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HP, IBM Launch Dual-Core Wares

As previously expected, HP and IBM launched new servers to accompany the launch of Intel's Xeon DP dual-core chips, code-named Paxville.

The chip has two processing engines, or cores, to pack more power onto a single wafer without boosting power consumption. These factors make dual-core very attractive to cost- and space-conscious enterprise customers.

HP is trotting out three models with varying utilities: the two-processor HP ProLiant DL380 and four-processor HP ProLiant ML570 and DL580 servers.

The ProLiant DL380 is a 3.5-inch-thick rack server designed for a variety of deployments and applications. The machine has been fitted with Serial Attached SCSI (SAS) technology and boasts eight hot-plug drives.

The ProLiant DL580 is housed in a chassis seven inches wide. It features hot-plug RAID memory and supports up to 64 gigabytes (GB) of memory.

Rounding out the new launch is the ProLiant ML570, which is an expansion server with hot-plug RAID memory and support for up to 3 terabytes of internal storage, 10 PCI slots and 64GB of memory. These features make the ML570 a prime candidate for enterprise applications, server consolidation and remote site deployment.

Colin Lacey, director of HP's server group, said test environments showed that ProLiant servers using dual-core can boost the performance of database, enterprise resource planning and customer relationship management applications without increasing systems costs.

For example, in a recent four-processor benchmark, the dual-core HP ProLiant ML570 exhibited a 44 percent performance improvement over the highest single-core ML570 system.

The dual-core HP ProLiant DL380, DL580 and ML570 are expected to be available within the next two months, starting at $4,200, $7,000 and $6,000, respectively.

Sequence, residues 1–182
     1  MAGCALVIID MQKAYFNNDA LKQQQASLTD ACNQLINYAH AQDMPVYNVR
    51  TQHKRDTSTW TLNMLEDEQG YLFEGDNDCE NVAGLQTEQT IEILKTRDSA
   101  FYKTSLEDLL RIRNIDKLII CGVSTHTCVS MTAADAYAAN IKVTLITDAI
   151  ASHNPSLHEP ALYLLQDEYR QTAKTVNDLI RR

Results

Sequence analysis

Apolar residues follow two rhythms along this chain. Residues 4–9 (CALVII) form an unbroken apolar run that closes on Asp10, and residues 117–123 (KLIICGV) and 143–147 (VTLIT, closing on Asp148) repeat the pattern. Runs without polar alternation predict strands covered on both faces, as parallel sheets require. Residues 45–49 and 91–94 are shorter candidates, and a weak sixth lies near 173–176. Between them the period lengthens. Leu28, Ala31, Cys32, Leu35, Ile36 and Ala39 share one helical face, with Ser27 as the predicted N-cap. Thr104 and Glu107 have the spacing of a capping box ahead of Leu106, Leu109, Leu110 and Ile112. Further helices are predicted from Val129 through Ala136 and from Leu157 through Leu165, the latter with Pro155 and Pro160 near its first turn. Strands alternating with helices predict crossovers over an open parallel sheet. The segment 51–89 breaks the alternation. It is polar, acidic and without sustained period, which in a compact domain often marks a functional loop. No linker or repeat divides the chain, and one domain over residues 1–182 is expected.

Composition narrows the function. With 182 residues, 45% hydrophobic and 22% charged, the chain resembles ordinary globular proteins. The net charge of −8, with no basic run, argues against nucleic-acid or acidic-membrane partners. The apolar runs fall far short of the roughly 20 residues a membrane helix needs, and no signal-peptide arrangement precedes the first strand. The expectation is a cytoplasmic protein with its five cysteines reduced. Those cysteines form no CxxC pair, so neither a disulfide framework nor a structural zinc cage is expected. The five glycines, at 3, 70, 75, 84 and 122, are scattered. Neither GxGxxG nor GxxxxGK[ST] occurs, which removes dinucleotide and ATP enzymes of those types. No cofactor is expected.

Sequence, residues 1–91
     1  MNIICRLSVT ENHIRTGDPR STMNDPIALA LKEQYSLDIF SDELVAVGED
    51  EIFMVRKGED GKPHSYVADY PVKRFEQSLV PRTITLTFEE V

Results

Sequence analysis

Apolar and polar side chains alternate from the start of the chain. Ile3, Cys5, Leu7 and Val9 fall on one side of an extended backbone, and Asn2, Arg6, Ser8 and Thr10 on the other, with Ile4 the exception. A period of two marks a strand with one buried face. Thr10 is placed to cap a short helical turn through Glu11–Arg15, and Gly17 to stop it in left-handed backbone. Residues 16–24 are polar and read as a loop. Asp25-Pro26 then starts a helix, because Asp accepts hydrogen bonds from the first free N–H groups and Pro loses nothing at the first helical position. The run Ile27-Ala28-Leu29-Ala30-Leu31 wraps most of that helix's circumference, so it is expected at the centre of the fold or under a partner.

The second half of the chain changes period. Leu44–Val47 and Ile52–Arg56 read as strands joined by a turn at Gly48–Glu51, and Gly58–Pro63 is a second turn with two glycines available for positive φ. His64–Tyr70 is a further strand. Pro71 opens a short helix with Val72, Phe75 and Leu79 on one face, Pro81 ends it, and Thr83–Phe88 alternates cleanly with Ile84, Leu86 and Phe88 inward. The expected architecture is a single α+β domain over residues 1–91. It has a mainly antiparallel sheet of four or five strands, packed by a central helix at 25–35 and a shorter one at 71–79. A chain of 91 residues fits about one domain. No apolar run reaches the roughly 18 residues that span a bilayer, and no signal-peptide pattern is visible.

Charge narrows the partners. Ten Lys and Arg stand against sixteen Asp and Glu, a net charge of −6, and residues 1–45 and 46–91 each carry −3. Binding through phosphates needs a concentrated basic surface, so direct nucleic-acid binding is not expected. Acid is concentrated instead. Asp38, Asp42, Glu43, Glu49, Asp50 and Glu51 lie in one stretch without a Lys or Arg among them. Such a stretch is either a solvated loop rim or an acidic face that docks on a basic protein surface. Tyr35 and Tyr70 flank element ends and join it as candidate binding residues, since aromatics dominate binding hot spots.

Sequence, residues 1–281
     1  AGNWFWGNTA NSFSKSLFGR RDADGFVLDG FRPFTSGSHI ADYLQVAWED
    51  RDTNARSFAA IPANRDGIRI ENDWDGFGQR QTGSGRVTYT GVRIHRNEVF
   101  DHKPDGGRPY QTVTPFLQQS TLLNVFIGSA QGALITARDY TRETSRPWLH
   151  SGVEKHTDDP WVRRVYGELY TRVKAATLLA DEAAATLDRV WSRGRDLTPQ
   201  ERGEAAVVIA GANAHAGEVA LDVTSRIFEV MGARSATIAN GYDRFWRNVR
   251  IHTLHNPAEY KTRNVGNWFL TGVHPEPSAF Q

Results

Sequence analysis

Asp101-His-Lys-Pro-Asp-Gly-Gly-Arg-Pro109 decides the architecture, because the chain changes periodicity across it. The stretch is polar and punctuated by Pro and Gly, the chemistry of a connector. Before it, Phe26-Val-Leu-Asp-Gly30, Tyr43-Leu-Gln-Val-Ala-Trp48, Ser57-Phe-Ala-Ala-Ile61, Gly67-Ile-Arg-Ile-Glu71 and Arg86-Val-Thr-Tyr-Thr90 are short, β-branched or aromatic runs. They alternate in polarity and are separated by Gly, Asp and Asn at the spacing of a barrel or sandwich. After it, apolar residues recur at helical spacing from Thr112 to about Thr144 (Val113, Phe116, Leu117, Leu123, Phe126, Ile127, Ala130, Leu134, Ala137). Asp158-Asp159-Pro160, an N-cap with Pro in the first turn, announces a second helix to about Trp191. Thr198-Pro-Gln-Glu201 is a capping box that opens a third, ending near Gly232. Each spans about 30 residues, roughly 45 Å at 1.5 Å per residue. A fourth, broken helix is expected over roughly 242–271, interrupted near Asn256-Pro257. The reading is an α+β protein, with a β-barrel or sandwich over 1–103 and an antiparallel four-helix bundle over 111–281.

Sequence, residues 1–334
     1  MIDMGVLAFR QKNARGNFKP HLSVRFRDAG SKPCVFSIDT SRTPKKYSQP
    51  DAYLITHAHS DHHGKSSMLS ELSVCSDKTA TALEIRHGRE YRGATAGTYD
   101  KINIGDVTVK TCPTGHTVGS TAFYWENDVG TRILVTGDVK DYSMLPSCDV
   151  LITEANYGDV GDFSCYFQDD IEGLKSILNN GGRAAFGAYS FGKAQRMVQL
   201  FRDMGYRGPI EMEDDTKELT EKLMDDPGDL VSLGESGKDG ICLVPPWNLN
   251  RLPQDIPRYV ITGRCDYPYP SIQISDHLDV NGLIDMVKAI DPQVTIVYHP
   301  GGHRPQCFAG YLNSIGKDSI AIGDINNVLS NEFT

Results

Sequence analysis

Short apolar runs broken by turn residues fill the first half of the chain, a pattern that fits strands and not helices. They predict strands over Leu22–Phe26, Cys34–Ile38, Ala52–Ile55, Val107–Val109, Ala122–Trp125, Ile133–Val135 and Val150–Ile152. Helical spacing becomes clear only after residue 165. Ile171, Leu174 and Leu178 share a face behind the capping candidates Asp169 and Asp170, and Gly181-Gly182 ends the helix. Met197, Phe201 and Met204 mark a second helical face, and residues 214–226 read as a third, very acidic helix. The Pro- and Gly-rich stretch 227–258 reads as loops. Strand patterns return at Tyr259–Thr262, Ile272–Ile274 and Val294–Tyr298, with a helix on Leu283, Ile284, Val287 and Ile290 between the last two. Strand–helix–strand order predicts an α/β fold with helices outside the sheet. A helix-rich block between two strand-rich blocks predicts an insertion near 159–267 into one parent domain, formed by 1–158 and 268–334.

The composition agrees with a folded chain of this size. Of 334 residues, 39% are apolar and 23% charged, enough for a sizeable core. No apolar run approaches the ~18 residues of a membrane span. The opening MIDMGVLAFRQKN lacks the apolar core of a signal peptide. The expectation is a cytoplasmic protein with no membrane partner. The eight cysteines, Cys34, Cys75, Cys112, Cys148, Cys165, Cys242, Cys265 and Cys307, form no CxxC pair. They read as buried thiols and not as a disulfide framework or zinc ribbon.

Lacey said HP will add additional dual-core Intel Xeon processor and Intel Xeon processor 7000 ProLiant systems in the future but declined to get into specifics.

Separately, IBM unveiled the new dual-core xSeries 346 system, which comes with a single dual-core Intel Xeon processor at 2.8 GHz.

The machine will feature open bay hot swap SCSI drives, dual gigabit Ethernet, a DVD drive, and a single hot-swap power supply. Starting at $2,969, the x346 will ship next week.

The new dual-core x336 will become available later in the fourth quarter, with pricing and specs released at that time.

HP and IBM, along with Sun Microsystems, have already been offering dual-core systems since April, albeit in machines fitted with AMD's Opteron chips.

While Dell is sticking with offering only dual-core chips from Intel, IBM and HP are offering customers both Intel and Opteron architecture choices because of very specific differences that meet customers' various application needs.

Lacey said AMD's Opteron dual-core processors are prized for their direct connect technology to counter memory latency; Intel's Xeon wafers have higher cache levels and faster clock speeds.

He also said Opteron chips tend to consume a little less power than the Intel Xeon architecture, and support up to 128GB of memory, double the support of the Xeons.